A dressing down of the West Indies; A way forward

Mon, Nov 5, '18

by KRISSANIA YOUNG

Commentary

Windies will have to play it by ear in their hunt to square their 3-match T20I series, when they partake in history at the Ekana Stadium in Lucknow; this after losing the first match by 5 wickets to hosts India. If their indecisiveness on this tour is anything to go by, when narrative was available, Windies fans have the green light to panic. What would be a pleasant surprise on this tour, however, would be Windies batsmen giving their young and obviously savvy bowlers some backing.

To see a Windies batsman whose second nature is to rotate strike and play with “soft hands” is to be surprised; but it would be a welcomed addition if the coaching staff attempted to implement this strategy into this young West Indian team. Caribbean players are seen as naturally gifted boundary-hitters, which translates into the ability to take the game away from any opposition at an unsuspecting moment. If this Windies team, having that same ability, was now able to add heavy rotation of strike to their arsenal, imagine the results. In so doing, recall that as Khaleel Ahmed marked his run up to deliver the 18th over of Windies’ innings, the visitors had already soaked up 59 dot balls. Although, no one would be foolish enough to even think to suggest to the reigning and two-time World Champions to change their approach; as they prepare to head into a period of transition in the shortest format of the game, who in that dressing room will assume the responsibility to strive for perfection? The result would be West Indies entering a match 20/30 runs (minimum) better off before a ball is even bowled.

How realistic is this, given that the functionality of Windies’ learning curve, specifically in the shorter formats, is so steep? We have seen the Caribbean side, after being dismissed for a mere 153, largely in part to a swinging ball, come out playing away from their bodies immediately following that display to be dismissed for 104 in the 5th ODI. The lack of initiative and game awareness within this generation of West Indies players is indeed a cause for worry. Imagine there is a swinging ball, yet no one shows initiative; no one bats outside of their crease nor does anyone come across their stumps in attempts of negating the swing. Imagine batsmen being comfortable in allowing Jasprit Bumrah to storm in and have his way with no one trying to put him off–as if Bumrah needs any encouragement.

So far, there has been 2 Tests, 5 ODIs and 1 T20I where the West Indian batsman have not been able to pick Kuldeep Yadav, Kudos to Kuldeep. However, how does Windies explain batsmen who aren’t able to pick the very length he is bowling;? West Indies’ in trouble.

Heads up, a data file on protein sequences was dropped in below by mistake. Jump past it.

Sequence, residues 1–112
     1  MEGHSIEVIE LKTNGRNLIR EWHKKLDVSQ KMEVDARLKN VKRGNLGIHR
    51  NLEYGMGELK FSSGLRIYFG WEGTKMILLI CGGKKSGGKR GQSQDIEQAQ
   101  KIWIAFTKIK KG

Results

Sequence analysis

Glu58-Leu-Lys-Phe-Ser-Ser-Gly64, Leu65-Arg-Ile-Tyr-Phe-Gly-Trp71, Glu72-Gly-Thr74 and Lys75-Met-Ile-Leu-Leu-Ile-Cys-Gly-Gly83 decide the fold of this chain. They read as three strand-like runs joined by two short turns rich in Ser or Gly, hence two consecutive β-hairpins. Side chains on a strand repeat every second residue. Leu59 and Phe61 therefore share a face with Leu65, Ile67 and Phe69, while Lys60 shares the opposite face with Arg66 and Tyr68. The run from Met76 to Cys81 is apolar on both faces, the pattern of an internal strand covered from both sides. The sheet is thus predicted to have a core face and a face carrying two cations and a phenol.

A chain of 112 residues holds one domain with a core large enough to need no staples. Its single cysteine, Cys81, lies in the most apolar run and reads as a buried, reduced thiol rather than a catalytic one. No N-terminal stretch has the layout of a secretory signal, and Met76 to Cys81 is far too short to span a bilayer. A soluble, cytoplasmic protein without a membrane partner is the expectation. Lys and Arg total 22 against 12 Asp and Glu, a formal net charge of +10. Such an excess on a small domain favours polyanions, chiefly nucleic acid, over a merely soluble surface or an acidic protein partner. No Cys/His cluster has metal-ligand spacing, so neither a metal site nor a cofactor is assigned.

Therefore, it must be reiterate that it is the small things such as; the decision making, the unwillingness to stick to the basics and the lack of appreciation for the nuances of the game which holds the Caribbean team back, so much so that there are:

  1. leg spinners by trade, to not flighting the ball
  2. batmen getting out in a spinners final over, going for big shots when there are sufficient overs remaining subsequent to that over
  3. bowling units watching the opposition bowlers working out a wicket and then coming out reworking it as if they were asleep in the dressing room and
  4. batsmen not inclined to drag their feet in Test matches, nearing lunch, to ensure minimum deliveries faced before the interval.


Until West Indies and their backroom becomes more aware, we will remain in deep, deep trouble.

If the West Indies team is not inclined to employ even these, the things which make cricket “cricket” ,then they are not playing the gentleman’s game. However, admirable (or even a relief) it was to see Powell finally utilize the sweep shot in the first T20I, it took the Jamaican five consecutive innings of underwhelming performances to add a spike to his personal learning curve. Having talent is one thing; a thing which we have found in abundance in likes of Shai Hope, Shimron Hetmyer, Oshane Thomas, Nicholas Pooran, Keemo Paul and Obed McCoy. However, nurturing these young men into the spine of a winning unit will require much more than just their respective talents. Pakistan, for instance, was not too long ago as inconsistent a team as the West Indies. It took an almost ‘obsessed’ (with perfection) man, a man demanding more, not just after games but during, from his charges to drag Pakistan up to the standard Sarfraz Ahmed demand for his nation. Who will drag Windies up?

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